Fort Zachary Taylor, named for the country’s 12th president, was built between 1845 and 1866. Controlled by the Union during the Civil War, the fort was the home base for a successful blockade of Confederate ships which some historians say shortened the conflict by a full year. The fort also was active during the Spanish-American War, World War I and World War II.
Once referred to as “Fort Forgotten,” buried under tons of sand, the structure was rediscovered and excavated thanks to a grass-roots restoration effort led by Key West resident Howard England. The centerpiece of an 87-acre state park, today the fort is a National Historic Landmark believed to hold the largest number of Civil War artifacts in the nation. It also is the site of the popular annual Civil War Days event in February whose highlights include reenactments of historic military maneuvers.
The acreage surrounding the fort includes a shaded picnic area as well as the 1,000-foot beach fronting on the Atlantic that features excellent offshore snorkeling and sunset views.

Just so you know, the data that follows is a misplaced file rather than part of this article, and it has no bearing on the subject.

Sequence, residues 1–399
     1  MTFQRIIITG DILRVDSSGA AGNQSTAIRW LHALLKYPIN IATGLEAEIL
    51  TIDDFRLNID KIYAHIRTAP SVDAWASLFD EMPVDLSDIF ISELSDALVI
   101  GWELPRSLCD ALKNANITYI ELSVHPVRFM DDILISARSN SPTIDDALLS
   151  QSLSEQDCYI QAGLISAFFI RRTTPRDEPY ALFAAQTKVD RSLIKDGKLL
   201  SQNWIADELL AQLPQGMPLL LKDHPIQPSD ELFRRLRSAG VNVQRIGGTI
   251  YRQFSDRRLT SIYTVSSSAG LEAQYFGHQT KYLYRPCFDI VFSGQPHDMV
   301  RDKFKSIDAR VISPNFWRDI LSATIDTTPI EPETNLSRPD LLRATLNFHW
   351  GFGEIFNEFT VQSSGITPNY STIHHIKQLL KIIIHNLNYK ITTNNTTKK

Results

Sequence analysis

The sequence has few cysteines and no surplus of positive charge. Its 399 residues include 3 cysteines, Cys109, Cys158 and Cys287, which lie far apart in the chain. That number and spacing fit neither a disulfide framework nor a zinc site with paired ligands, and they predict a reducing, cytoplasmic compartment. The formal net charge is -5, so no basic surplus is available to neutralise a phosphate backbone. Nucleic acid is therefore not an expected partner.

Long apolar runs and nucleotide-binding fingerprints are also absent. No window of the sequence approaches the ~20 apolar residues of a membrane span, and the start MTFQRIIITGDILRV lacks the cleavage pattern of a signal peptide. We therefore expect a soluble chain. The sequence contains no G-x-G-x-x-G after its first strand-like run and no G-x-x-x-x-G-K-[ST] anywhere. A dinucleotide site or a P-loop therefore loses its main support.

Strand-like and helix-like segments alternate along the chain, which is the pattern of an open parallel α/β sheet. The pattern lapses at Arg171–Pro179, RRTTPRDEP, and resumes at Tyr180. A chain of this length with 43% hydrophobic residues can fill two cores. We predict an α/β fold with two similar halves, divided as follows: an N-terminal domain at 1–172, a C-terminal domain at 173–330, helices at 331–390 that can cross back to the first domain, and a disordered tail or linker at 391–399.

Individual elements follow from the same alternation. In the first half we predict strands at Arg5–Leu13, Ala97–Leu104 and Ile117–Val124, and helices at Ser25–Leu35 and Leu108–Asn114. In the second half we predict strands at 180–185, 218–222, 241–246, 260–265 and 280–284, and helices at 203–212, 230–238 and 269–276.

Entrance fees are $1.50 for a pedestrian or bicyclist, $2.50 for one person in a car, $5 for two people in a car and 50 cents for each additional person, up to eight people.
For more information on the Fort Taylor State Historic Site, call (305) 292-6713.
Fort Zachary Taylor State Park is Key West's premiere public beach. Photo by Andy Newman/Florida Keys TDC
A family enjoys Fort Zachary Taylor State Park. Photo by Andy Newman/Florida Keys TDC
Key West's Fort Zachary Taylor offers educational opportunities for visiting families especially during the fort's annual Civil War Days, the first weekend in March, when Union soldier reenactors parade in period uniforms. Photo by Andy Newman/Florida Keys TDC